When we think about the living arrangements of lesbian, gay, bisexual or trans- people it is easy to fall into stereotypes portrayed in the popular media – Will from the sitcom Will and Grace living in his luxury apartment; or Stuart from the ground-breaking Queer as Folk living in a trendy, inner-city loft apartment in Manchester. Some of this stereotype is supported by academic literature.
Traditionally, LGBT people were excluded from accessing mortgage finance, so were often among the first-wave gentrifiers that moved into cheap inner-city housing and upgraded it, as shown in this case study of Atlanta, Georgia by Doan and Higgins. Recent US analysis by Florida suggests that gay men, in particular, without the costs of childcare, higher incomes, and with no need to live near suburban services, are now a key group of “bohemians” moving back into inner-cities to access services such as trendy bars, theatre, museums and art galleries.
Other research presents a more concerning, and bleak story of LGBT housing choices. The Albert Kennedy trust have estimated that LGBT individuals make up 24 per cent of all young homeless people in the UK. Research led by Dr Peter Matthews of the Faculty of Social Sciences, found that 20 per cent of all non-heterosexual people in Scotland live in the most deprived 15 per cent of neighbourhoods. This compares to 14 per cent of all heterosexual people in Scotland who live in the most deprived neighbourhoods. This suggests that non-heterosexual people in Scotland are slightly more likely to have limited housing choices and thus live in a deprived neighbourhood.
In that research we theorised that these people might have a particular “housing pathway” which reduced their housing choices: poorer employment opportunities, and thus a lower income; poorer health; and experiences of homelessness. The previous analysis of data from the Scottish Health Survey did suggest this group of people were marginally more likely to be single (and so likely to have a lower household income); in slightly poorer health and slightly older than the rest of the population of deprived neighbourhoods, suggesting some of these factors could be at play.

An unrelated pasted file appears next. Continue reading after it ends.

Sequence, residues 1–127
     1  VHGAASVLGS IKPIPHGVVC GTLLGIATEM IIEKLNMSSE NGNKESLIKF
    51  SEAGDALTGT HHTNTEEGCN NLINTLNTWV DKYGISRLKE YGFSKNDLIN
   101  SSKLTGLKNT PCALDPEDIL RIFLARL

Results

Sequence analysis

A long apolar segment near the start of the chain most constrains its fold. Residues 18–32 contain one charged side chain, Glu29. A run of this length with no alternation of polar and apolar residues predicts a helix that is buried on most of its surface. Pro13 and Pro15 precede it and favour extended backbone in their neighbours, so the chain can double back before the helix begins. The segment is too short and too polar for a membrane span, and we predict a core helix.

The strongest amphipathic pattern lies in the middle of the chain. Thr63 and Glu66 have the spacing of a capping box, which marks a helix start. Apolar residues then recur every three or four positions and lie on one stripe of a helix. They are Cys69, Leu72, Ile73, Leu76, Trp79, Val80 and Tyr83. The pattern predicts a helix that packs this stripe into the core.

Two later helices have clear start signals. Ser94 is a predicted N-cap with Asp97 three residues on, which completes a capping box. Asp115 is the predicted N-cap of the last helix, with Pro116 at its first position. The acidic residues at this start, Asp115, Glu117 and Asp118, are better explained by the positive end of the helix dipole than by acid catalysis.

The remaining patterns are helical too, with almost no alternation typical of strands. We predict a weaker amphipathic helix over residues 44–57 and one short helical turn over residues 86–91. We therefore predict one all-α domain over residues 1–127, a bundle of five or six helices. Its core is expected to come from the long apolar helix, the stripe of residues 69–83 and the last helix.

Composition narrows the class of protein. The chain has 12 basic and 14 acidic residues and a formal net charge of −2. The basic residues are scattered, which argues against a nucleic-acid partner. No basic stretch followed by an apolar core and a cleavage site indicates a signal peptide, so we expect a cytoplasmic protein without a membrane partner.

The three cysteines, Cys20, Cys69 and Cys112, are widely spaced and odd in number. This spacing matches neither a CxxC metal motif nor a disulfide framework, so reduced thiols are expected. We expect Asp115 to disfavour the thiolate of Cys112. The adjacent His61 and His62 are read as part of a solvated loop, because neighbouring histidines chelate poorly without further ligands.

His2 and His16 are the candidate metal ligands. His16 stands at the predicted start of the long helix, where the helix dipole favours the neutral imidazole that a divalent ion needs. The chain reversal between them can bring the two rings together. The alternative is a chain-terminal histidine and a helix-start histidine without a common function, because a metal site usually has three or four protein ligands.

In a new research project, Dr Matthews is exploring further this “housing pathway” and finding out about the housing choices and experiences of LGBT people in Scotland. Working with LGBT Youth Scotland and The Rock Trust, among others, the research seeks to speak to young LGBT people who have experienced homelessness and to understand how they became homeless and their experiences of accessing services and, eventually, being housed. The research also seeks to speak to LGBT people who have lived in the most deprived neighbourhoods as measured by the Scottish Index of Multiple Deprivation for five years or more to understand how they ended up living there, and their experiences.
These issues have been under-researched in both homelessness research and human geography. The research will also be applied – by working with LGBT, housing and homelessness organisations, the findings will feed into service improvements to better tailor services for LGBT people and help them improve outcomes for LGBT service users.
If you want to know more about the research, or wish to share your experiences of homelessness or of living in a deprived neighbourhood and you identify as LGBT, please contact Dr Peter Matthews.
Dr Peter Matthews is a Senior Lecturer of Social Policy within the Faculty of Social Sciences and leader of the Public Services and Governance research group. His research interests mainly focus on inequalities in the urban context and how policy can tackle or exacerbate these. He is also interested in socio-economic and class inequalities, as well as inequalities due to sexual orientation, gender, ethnicity or disability. Read more.